Gabby Thomas Q&A – This Sprinter Wants to Tackle Health Disparities—But After the Olympic Trials
Success—both on the track and off—came relatively early for sprinter Gabby Thomas. In 2016, she made her first appearance at the U.S. Olympic Track and Field Trials in the 200 meters. At the time, she was just a freshman at Harvard University, training under coach Kebba Tolbert.
In March 2018, she broke the collegiate record for the 200 meters, running 22.38 seconds at the NCAA Indoor Track and Field Championships. Later that year, Thomas turned pro, forgoing her final season of collegiate eligibility to sign with New Balance.
The 24-year-old graduated in 2019 with a degree in neurobiology and global health and health policy. Now, she’s a graduate student in public health at the University of Texas and training under Tonja Buford-Bailey, a UT coach who also heads her own elite group of Olympians and Olympic hopefuls, The Buford Bailey Track Club.
Thomas’s speciality remains the 200 meters, but she’s versatile. On May 31, at the American Track League’s Duval County Challenge in Jacksonville, Florida—her last competition before the Trials—she won her 100-meter heat, then skipped the final and ran the 400 meters. Her 51.15 in that race earned her third, behind Allyson Felix and Wadeline Jonathas.
Now, she’s heading into the Trials feeling optimistic, and with a health concern of her own lifted—on June 7, she learned a tumor that had been detected in her liver on an MRI of her lower back was benign and wouldn’t require treatment.
Thomas spoke to Runner’s World June 2 about studying epidemiology during a pandemic, doping in sports, her pandemic puppy (a pug named Rico), and just what it will take to make it to Tokyo.
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This interview has been edited for length and clarity.
Runner’s World: The buzz is all about your chances in the 200 meters, but you’re also qualified in the 100 meters and 400 meters. What’s your plan heading into the Trials?
Gabby Thomas: The 200 is definitely my baby, so I’m still feeling really good about that one. After running a 400, the 200 is going to feel like a breeze. And then running the 100—I have that speed now, I feel so confident for the front end of my 200, which wasn’t always my strongest point in the race.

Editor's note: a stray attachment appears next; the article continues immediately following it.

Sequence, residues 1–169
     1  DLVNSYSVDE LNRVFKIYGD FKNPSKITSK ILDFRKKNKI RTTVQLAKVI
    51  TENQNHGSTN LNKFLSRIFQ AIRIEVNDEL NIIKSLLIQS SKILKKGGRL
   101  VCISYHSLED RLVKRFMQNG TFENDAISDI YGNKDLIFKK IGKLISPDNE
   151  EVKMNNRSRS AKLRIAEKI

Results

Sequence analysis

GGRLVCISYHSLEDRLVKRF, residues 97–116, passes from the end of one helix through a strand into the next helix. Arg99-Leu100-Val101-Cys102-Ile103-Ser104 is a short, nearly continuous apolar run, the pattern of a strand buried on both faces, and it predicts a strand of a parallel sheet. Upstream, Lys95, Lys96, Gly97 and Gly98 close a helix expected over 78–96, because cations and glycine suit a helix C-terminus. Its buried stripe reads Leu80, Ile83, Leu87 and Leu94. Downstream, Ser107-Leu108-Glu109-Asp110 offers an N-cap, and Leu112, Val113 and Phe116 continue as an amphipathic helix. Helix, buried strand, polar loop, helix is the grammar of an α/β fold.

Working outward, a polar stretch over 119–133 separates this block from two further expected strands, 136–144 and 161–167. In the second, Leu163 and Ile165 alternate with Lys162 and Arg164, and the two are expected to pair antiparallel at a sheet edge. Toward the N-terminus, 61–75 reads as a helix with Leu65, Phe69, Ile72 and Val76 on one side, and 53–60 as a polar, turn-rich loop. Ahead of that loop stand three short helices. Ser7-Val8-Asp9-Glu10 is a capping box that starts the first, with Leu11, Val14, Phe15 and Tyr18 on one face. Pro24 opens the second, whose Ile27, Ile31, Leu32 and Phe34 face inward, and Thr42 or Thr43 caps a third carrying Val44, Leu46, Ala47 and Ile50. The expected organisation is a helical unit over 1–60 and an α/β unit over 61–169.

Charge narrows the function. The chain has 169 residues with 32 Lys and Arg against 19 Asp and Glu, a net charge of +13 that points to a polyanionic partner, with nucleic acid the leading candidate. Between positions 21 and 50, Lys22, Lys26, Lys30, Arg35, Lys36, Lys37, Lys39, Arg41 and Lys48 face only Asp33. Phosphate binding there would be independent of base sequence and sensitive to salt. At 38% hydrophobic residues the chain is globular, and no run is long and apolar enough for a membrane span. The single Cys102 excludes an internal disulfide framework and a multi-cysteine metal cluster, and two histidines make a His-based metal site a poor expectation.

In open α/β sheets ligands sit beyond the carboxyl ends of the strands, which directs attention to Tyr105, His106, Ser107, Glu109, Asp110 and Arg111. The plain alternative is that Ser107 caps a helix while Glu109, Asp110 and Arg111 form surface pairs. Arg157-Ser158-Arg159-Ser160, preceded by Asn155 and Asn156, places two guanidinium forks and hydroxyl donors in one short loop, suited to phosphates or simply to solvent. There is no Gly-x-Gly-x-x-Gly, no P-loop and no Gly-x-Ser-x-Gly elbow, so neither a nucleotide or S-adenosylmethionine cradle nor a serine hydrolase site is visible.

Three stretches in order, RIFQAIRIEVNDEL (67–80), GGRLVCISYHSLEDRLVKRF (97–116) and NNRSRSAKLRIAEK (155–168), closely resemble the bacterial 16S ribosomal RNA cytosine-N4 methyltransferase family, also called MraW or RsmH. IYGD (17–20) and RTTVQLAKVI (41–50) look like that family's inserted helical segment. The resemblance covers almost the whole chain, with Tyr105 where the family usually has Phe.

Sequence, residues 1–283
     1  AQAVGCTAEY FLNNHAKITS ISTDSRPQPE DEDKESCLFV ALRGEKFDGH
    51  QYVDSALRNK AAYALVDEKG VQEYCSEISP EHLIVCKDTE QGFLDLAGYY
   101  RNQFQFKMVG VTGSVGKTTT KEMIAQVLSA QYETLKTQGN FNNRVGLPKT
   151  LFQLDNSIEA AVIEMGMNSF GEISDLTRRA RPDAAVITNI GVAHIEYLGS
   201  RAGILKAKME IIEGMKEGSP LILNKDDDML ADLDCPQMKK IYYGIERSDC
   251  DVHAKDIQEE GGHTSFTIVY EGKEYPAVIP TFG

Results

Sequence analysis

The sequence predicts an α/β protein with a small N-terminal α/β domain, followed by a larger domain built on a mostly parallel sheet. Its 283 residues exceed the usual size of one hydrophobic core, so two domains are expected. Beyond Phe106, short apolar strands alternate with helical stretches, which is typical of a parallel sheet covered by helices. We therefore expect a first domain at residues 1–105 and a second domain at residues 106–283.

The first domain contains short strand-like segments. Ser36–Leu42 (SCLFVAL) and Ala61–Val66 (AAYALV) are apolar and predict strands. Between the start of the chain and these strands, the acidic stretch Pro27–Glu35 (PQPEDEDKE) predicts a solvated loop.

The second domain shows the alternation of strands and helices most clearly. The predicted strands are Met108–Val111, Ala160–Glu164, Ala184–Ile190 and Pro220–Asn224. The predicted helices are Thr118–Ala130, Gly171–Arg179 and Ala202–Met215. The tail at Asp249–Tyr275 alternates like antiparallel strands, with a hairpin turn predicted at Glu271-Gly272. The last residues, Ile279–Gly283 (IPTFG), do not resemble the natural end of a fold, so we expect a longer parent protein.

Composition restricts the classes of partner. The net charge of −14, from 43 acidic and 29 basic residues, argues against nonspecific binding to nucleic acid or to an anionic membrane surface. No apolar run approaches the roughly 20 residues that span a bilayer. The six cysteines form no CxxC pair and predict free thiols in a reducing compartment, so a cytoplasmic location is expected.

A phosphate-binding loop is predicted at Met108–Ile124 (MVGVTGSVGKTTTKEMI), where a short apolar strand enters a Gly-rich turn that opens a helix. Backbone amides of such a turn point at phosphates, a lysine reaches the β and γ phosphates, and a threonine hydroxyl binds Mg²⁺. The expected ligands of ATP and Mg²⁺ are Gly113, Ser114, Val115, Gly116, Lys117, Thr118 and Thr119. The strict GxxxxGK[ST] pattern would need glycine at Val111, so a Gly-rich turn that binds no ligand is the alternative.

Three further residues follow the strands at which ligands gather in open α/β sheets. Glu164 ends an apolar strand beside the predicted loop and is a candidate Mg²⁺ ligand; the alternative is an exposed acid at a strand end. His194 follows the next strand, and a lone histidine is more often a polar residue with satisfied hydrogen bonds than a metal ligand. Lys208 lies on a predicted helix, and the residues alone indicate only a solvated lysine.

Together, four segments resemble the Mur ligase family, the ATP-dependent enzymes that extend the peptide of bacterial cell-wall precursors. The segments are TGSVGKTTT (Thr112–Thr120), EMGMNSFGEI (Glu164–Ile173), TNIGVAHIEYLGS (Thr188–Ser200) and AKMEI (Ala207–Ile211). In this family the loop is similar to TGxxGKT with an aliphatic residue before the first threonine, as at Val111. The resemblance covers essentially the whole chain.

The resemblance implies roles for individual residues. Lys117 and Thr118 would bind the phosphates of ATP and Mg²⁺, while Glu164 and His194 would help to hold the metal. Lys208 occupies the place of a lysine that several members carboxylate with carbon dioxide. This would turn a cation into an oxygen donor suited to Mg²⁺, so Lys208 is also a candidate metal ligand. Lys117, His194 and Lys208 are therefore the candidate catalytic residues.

After the 200, I am keeping my options open. I definitely want to be on a relay team at the very least, the 4×100 meters or 4×400. Now it’s just a matter of deciding which event to do. Right now it’s really 50-50.
How did you choose Austin, and what has it been like training with the “Bailey Bunch”?
In 2019, I was looking for an environment where I could be around professional athletes and also go to graduate school. I met Coach Bailey in Monaco at a Diamond League meet, and we clicked. She’s a Black woman, and her group is Black women who I admired on the track. I visited, and it was a perfect fit.
My training partners have been so helpful. Morolake Akinosun, a 100-meter runner, has helped me so much with my starts and having that consistent intensity in practice every day. Ashley Spencer, who does the 400-meter hurdles, really helps push me fitness-wise. Coach Bailey is so supportive, like a mother. If you’re doubting yourself, you can always count on her to pick up the phone or be right there and talk to you for however long it takes for you to feel like a boss again.
Austin has so much more to offer away from the track—whether that’s school or the outdoorsy scene or all the good food. After the Olympics, I’m excited about seeing live music and all the other fun things I missed because I moved here right before the COVID-19 pandemic.
Coach Bailey has been to the Olympics three times herself, and won bronze in Atlanta in 1996, in the 400-meter hurdles. What are some of the lessons she imparts?
She lets you know where you have to be not just physically, but also mentally and emotionally to make an Olympic team. You have to be tuned in every day. She also understands the body of an athlete—the boundaries and how far you can push it. A lot of times it’s hard for coaches to grasp that, because they haven’t done it. When we were talking about doubling in the 400 and the 200, people were saying, is that going to be too much? She’s like, ‘Well, no.’ She knows when you can actually take more.
That being said, if I show up to the track and I’m like, ‘I have a little kink in my ankle,’ she’s like, ‘Alright, we’re shutting it down,’ whereas another coach might tell you to push through it. She’s also a great mentor when it comes to things off the track, such as my nutrition, which is not something I was diligent about before.